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By Theresa Goodwin

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Work is well underway at the national prison – despite the Covid-19 crisis – on the planned expansion aimed at addressing long-standing problems with overcrowding.

This is according to the minister with responsibility for the institution, Steadroy ‘Cutie’ Benjamin. He told Observer yesterday that the prison yard has already been transformed to make way for the construction of a new block, much to the delight of inmates.

“It is expected that work will be competed within the next few weeks. There is absolutely no doubt in my mind that the work is being done at a very fast pace and that at the end of it all we will solve most of the overcrowding situations,” the minister said.

The country’s lone penal institution was built in 1735 to house a population of 150 inmates. Centuries later, that number has multiplied significantly with the number of inhabitants regularly reaching several hundred.

For years, inmates and campaigners have complained about the deplorable conditions. Most recently, former inmate Jessica Thompson spearheaded several demonstrations to highlight the problems and get the attention of the relevant authorities.

A prison insider also sought to bring inmates’ plight to light in a recent email to Observer, decrying everything from the lack of a proper rehabilitation programmes to the continued use of slop buckets.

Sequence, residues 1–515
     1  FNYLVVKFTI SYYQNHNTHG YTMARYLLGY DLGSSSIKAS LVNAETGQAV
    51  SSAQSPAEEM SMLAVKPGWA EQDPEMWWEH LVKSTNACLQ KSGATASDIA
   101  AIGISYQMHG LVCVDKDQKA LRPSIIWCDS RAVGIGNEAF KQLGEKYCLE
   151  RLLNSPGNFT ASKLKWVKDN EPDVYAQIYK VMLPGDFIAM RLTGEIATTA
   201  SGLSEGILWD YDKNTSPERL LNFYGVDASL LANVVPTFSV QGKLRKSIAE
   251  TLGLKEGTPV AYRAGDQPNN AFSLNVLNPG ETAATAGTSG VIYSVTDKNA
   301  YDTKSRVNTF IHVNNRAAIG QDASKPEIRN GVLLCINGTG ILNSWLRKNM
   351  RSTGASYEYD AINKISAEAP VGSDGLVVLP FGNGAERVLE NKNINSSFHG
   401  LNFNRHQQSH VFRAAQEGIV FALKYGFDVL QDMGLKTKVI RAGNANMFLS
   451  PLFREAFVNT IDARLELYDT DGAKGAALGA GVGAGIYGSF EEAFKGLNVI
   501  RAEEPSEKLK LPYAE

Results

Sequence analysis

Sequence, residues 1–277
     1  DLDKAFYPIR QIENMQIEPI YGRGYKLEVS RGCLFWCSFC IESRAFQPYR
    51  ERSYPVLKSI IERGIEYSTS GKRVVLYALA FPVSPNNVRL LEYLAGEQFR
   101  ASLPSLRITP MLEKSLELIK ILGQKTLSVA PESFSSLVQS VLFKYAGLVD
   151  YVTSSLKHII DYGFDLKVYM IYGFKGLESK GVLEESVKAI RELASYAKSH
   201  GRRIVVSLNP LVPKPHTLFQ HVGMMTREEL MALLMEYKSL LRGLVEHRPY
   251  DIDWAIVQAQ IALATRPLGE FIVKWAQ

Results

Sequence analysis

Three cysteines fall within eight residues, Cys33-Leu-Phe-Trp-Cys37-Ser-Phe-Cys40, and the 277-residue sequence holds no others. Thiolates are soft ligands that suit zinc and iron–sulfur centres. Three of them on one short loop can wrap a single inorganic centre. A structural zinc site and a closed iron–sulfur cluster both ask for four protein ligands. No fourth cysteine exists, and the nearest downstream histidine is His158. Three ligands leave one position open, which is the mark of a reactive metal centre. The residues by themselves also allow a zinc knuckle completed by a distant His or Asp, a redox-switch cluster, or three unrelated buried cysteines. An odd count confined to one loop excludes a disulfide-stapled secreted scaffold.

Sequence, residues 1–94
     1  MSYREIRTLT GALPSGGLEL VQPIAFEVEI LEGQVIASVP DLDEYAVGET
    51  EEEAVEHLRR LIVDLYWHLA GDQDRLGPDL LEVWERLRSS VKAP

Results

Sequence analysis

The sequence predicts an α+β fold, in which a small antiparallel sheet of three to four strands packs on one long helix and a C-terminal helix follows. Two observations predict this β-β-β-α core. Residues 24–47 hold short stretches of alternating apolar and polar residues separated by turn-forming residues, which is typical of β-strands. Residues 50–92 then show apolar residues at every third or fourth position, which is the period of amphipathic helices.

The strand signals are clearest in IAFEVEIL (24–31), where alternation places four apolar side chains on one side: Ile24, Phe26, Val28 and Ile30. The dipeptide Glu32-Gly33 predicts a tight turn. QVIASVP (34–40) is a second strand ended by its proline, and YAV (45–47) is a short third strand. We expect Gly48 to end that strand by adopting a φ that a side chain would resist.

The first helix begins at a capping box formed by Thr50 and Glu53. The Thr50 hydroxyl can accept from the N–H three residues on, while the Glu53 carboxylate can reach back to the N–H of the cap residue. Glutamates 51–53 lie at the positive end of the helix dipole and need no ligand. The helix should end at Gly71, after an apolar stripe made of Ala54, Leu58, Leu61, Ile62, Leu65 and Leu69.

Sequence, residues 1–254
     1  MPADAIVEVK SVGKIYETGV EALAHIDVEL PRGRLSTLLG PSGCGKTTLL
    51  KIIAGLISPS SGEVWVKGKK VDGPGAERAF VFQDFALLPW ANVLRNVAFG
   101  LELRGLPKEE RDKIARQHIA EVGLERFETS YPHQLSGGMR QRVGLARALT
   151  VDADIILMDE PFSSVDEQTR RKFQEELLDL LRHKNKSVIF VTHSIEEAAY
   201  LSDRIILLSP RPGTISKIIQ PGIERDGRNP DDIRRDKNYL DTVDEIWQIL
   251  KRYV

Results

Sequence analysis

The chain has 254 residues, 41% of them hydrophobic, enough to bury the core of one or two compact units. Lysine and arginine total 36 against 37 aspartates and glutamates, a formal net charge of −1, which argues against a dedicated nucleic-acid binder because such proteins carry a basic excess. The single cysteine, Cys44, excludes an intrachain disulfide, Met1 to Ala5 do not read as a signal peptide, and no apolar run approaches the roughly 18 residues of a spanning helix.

“This year 20 portable toilets were brought into the prison and it was cut down to 10, which are emptied three times a week,” he claimed.

“There is a container where the inmates empty their faeces every day which is taken out of the prison once a week. Sometimes it’s like they forget to collect them because they stay until they run over on the ground, and sometimes they take away the container and don’t bring it back until the end of the following day, leaving the inmates with the only choice of throwing them in the rubbish bins,” he continued.

“There is one water catchment in the yard that holds roughly 50,000 gallons of water. It is as old as the prison; when water comes out of it and you leave it to settle, you’ll see all the rust at the bottom. When the water trucks come in and put in water, you cannot use it for a few hours because all the rust turns the water red.

“There’s a constant water crisis within the prison, and the water is not being brought in fast enough and at a sufficient amount to satisfy the prison population,” the insider added.

He also highlighted concerns about constant rat and bug infestations.

Government has repeatedly acknowledged there are issues at the facility which require addressing. National Security Minister Benjamin previously said the prison expansion would include provisions for more inmates to learn trades and complete secondary school qualifications.

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